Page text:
The bathroom is traditionally a place of privacy, but for Meghan McCain, daughter of former presidential candidate and current Arizona Sen. John McCain, it is a place where people ask about political ideals and personal matters.
“People are really angry at me all the time,” McCain said. “They come up yelling at me in ladies rooms. There are issues in this country.”
At Wednesday night’s University Lecture Series (ULS) event, McCain, author of “Dirty Sexy Politcs” talked about her struggles growing up in a political environment and how her views, looks and actions are consistently scrutinized.
“I took Zanex the day of the election and passed out,” McCain said. “People have misconstrued this (and said) that I went to rehab … and all of a sudden I’m like Lindsay Lohan.”
Though her father wasn’t elected president, McCain has remained active in politics through her blogging and writing for the online newspaper The Daily Beast. She said she believes her father’s loss was a “blessing in disguise.”
“I honestly try to picture this bizarre world where my father’s the president and Sarah (Palin) is the vice president,” she said. “And what would it be like living in the White House with Bristol and Levi. I just don’t know how that stuff would have gone down.”
For a young woman who loves to play blackjack and takes pleasure in calling both Christine O’Donnell and Glenn Beck “nut jobs,” McCain still manages to keep the public at her heels, with lecture attendees following her every word.
“I really loved what Meghan had to say,” said ULS programming director Catlin Layton. “She had such a fresh view of the GOP, and she is only 26 years old. She didn’t say these politician answers, where they beat around the bush. She was … to the point,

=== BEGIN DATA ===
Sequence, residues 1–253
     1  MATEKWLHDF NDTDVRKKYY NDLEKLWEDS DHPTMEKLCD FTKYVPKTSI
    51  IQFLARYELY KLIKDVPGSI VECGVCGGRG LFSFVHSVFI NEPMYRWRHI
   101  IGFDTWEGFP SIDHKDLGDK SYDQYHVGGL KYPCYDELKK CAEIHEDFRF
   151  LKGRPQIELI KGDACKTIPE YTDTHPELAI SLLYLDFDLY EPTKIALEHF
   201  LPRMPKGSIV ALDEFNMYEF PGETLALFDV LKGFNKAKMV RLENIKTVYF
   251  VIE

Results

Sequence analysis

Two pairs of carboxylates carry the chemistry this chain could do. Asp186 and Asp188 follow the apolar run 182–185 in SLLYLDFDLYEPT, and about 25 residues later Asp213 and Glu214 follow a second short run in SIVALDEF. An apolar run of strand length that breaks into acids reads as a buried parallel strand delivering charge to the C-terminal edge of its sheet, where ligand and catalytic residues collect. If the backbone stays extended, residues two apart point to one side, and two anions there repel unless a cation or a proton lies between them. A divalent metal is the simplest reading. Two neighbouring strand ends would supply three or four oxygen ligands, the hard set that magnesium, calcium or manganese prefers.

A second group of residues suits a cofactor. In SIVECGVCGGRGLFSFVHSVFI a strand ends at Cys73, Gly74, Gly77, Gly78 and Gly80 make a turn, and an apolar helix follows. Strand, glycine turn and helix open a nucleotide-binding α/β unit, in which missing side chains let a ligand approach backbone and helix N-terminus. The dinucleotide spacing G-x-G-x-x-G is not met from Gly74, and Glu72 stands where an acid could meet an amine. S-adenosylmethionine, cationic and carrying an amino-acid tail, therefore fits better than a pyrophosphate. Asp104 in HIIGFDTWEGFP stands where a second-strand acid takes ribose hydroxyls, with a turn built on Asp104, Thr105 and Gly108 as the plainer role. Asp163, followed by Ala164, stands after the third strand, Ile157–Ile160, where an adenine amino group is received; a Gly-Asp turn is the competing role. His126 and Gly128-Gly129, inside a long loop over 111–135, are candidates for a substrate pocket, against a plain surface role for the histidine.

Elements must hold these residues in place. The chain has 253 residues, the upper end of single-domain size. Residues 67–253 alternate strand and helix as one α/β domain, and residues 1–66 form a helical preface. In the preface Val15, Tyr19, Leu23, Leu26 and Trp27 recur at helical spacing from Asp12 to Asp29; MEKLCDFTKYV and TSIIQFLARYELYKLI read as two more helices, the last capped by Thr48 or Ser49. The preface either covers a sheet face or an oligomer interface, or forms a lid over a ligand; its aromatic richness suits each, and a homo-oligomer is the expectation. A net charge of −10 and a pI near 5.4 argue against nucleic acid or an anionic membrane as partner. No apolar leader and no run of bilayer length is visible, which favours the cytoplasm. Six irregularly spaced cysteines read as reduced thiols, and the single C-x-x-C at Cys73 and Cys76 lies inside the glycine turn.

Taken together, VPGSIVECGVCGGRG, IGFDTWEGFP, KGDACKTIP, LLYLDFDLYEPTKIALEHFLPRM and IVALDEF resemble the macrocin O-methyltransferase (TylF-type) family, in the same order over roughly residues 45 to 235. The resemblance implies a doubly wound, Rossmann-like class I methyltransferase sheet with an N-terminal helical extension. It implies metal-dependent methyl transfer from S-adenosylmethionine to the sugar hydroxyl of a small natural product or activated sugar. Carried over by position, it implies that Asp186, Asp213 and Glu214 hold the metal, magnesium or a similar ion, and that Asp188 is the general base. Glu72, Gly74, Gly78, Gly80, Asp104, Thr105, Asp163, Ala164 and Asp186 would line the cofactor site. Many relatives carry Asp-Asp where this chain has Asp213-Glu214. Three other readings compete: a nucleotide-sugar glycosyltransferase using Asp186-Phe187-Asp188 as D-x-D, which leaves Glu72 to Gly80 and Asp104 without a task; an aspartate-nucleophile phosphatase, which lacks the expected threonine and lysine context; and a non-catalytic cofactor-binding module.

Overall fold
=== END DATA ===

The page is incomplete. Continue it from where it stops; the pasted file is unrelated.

answering the questions how she really felt about it, and I really appreciate that because we don’t get that a lot anymore.”
ULS members hung more than 100 posters on campus, handed out more than 600 flyers and advertised the lecture in the Tampa Bay Times. Even so, Layton said the turnout was still low.
Layton said about 200 students attended the event, which was held in the Marshall Student Center Ballroom — about half of the projected attendance numbers. McCain was paid $7,500 in student-paid Activity and Service fees for her appearance.
“I have always been a moderate Republican. I identify with her a lot,” said Mario Morano, a senior majoring in psychology. “I think she speaks to a whole new generation of Republican youth who are well educated and think for themselves. I was surprised at how eloquently she answered the questions. She didn’t Obama the answers by just restating the question and adding a couple nice things. She seems like she really put thought into it.”
Andrea Jackson, a sophomore majoring in pre-architecture and an intern for the Rick Scott campaign, said she originally came to ULS to clarify McCain’s use of the term “progressive Republican.”
“She answered the questions I came to get answers to,” Jackson said. “She is moving along with the times … being open with a younger crowd and getting involved. Lecturing is exactly what we need with the younger people. This (lecture) was a great way to kick off the political week we will be having at USF.”